Alex Mackintosh's Time Shift traces the history of Prog Rock as a genre back to the heydays of 1960s psychedelia, seeing how, for many British musicians and fans who had educated themselves on the R&B circuit, musical extemporisation and concept albums were an exciting departure. Many of the era's best bands - Pink Floyd, The Nice (who later formed part of ELP), King Crimson and Yes - built their success around this experimentation, providing a genuine alternative for a generation who had grown up with Sergeant Pepper and were tired of Top of the Pops.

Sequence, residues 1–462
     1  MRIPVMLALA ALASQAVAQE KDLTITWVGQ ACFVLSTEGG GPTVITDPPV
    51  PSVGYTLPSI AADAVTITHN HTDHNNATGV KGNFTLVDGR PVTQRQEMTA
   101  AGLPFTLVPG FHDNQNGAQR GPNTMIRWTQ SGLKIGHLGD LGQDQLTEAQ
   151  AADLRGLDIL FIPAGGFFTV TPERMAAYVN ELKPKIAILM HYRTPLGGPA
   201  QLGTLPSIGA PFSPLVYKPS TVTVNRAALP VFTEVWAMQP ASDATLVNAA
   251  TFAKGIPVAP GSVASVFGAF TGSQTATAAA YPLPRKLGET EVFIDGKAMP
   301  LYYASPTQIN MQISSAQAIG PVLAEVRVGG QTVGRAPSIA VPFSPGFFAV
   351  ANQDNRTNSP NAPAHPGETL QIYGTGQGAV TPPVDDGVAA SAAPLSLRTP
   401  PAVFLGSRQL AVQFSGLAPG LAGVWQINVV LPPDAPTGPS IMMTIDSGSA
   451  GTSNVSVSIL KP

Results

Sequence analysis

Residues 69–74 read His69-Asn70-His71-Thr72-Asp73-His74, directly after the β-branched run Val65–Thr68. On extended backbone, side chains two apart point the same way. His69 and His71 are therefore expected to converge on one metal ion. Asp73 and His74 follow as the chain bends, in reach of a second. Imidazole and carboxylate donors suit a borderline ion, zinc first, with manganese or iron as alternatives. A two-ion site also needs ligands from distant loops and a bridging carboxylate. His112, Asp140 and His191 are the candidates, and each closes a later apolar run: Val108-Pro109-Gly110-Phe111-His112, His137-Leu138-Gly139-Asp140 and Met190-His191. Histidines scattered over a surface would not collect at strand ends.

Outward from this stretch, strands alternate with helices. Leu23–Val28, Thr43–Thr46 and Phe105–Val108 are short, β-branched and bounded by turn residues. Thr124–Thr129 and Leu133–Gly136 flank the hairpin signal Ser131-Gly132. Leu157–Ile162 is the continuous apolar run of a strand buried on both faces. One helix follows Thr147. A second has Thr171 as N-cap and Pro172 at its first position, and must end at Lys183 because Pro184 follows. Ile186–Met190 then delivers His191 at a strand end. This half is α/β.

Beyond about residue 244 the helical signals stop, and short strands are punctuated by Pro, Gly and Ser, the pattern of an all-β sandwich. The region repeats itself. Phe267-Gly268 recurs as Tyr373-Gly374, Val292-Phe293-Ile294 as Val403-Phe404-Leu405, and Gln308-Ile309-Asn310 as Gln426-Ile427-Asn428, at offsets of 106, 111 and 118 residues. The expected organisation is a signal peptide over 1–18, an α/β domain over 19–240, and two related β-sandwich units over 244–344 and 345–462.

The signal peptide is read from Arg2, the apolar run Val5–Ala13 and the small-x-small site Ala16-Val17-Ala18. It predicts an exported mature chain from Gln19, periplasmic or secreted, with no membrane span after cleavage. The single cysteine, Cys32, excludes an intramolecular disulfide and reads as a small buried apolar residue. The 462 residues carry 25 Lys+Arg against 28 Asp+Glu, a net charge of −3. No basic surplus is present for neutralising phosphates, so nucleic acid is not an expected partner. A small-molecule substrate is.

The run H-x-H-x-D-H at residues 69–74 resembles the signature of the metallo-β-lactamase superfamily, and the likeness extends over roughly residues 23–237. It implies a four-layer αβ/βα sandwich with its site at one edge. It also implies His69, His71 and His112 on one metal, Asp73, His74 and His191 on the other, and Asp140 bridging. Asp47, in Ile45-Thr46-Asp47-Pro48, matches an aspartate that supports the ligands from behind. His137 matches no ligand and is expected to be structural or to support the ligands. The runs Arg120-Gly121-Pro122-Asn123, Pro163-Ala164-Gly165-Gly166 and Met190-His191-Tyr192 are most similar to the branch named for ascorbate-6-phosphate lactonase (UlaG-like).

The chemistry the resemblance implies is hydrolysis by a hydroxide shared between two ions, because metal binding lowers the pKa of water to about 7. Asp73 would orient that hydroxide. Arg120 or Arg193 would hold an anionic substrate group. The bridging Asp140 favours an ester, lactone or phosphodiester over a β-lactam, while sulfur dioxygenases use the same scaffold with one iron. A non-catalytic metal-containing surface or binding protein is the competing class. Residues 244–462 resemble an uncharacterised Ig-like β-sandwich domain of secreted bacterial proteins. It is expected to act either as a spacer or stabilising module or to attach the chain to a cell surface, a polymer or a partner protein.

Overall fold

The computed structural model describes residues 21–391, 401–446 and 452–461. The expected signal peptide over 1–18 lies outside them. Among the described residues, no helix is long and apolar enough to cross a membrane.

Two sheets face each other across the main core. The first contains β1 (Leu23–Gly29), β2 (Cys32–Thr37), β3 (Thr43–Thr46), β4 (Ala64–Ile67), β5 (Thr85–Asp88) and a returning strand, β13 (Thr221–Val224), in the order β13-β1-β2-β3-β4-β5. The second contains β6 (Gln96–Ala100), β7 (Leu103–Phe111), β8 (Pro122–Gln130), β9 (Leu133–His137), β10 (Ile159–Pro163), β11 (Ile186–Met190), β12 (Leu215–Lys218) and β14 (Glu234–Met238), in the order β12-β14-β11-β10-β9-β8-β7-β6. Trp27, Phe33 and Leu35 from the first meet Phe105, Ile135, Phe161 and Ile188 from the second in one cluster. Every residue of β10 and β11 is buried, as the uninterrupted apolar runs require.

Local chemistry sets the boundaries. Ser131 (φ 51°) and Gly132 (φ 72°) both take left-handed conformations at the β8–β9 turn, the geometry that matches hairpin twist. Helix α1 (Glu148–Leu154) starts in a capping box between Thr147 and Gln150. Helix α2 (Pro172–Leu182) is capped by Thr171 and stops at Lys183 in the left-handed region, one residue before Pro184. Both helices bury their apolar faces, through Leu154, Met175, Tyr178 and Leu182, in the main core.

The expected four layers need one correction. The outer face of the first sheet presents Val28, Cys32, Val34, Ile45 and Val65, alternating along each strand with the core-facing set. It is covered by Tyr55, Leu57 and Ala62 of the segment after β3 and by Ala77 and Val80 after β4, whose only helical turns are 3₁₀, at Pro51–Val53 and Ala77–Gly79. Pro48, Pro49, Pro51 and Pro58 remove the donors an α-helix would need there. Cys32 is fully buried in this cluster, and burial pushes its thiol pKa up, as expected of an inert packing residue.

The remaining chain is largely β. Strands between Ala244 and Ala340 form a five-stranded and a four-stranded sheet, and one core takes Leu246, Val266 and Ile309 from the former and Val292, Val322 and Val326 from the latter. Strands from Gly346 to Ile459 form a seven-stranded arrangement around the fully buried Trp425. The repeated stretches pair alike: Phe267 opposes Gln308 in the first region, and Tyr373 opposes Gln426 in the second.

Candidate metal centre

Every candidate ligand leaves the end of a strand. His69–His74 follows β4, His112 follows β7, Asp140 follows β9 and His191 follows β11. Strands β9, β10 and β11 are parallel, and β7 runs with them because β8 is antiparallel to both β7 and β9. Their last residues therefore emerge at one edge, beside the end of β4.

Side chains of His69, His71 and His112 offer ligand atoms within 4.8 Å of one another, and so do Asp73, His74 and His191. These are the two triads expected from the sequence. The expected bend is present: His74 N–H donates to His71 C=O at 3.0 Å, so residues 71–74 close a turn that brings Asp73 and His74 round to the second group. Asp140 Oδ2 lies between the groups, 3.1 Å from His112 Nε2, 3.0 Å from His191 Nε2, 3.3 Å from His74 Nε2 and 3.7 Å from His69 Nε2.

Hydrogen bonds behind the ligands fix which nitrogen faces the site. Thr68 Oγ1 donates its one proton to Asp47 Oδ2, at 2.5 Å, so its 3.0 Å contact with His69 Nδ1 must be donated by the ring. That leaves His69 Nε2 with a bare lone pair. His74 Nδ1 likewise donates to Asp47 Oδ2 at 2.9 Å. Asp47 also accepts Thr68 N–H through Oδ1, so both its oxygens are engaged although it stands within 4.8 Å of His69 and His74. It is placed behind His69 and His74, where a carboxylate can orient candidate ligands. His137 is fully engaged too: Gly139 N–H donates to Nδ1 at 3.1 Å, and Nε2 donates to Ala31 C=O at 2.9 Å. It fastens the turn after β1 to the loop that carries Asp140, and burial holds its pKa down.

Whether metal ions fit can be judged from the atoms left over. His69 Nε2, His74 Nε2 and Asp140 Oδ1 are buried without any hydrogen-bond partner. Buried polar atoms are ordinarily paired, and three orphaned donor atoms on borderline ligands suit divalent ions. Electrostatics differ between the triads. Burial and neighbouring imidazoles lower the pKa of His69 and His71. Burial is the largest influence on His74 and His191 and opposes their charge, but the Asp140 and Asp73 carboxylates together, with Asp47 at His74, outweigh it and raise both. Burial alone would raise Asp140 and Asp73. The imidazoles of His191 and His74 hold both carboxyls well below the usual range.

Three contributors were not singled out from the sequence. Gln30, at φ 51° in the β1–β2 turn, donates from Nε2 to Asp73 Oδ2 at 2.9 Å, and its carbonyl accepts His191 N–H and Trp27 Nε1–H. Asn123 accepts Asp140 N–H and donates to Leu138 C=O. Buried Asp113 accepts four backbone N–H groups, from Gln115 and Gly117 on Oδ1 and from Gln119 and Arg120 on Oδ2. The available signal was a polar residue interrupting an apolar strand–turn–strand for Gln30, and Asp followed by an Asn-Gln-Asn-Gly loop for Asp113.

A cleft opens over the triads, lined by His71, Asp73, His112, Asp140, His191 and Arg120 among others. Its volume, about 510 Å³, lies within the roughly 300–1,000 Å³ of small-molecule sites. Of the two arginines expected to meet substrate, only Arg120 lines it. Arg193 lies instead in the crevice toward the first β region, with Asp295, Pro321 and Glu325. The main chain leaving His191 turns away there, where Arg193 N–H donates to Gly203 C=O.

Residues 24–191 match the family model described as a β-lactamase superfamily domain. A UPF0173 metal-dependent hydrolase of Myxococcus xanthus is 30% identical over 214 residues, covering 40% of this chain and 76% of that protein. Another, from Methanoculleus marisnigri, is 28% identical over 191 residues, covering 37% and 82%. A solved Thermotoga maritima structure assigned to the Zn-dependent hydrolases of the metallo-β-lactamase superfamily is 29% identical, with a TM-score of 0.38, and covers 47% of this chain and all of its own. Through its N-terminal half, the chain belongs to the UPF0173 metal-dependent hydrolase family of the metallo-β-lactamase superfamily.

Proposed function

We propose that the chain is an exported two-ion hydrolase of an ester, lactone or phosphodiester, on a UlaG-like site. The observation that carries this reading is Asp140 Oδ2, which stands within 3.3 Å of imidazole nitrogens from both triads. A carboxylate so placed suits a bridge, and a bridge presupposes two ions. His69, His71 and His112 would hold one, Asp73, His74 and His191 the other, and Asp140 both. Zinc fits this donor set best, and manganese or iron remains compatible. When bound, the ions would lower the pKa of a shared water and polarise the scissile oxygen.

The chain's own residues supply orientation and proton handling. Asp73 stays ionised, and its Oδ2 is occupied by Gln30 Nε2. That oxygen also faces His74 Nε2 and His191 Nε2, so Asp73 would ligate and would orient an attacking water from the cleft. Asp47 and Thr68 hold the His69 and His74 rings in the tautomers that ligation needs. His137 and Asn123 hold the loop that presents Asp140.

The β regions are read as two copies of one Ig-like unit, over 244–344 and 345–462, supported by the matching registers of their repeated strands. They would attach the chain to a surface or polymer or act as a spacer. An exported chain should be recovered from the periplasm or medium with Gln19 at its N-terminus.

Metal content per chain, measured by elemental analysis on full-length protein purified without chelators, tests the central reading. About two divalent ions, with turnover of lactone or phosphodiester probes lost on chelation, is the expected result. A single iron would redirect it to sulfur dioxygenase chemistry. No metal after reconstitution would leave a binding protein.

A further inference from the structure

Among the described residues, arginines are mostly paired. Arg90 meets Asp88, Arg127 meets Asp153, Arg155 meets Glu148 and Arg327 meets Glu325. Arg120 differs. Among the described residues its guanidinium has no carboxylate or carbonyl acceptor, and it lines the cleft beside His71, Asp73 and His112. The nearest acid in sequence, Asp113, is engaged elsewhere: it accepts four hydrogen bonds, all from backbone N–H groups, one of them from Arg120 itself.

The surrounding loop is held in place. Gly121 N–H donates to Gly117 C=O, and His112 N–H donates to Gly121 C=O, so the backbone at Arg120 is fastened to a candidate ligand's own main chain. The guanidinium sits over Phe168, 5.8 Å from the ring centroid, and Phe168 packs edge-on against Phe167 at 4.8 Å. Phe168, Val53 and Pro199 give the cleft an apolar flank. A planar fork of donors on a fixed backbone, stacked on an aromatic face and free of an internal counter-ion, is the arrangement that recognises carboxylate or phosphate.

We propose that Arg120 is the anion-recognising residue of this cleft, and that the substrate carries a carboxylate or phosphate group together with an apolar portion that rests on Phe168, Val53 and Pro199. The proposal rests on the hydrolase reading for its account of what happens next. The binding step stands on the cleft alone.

As the programme reflects, this experimentation often ended in a musical cul de sac or grew in scale to become overbearingly pompous is hardly just the fault of the musicians. In fact, what seem like the movement's worst excesses - Pink Floyd's flying pigs, Rick Wakemen's King Henry VIII on Ice, Peter Gabriel's Genesis stage costumes - were actually conceived with more than a little tongue in cheek. As Steve Hackett maintains, Prog was always closer to panto than pub rock. And, for all of punk's blast of much needed fresh air, it's difficult not to have a little sentimentality for a time when musical imagination rather than product sales was a measure of achievement.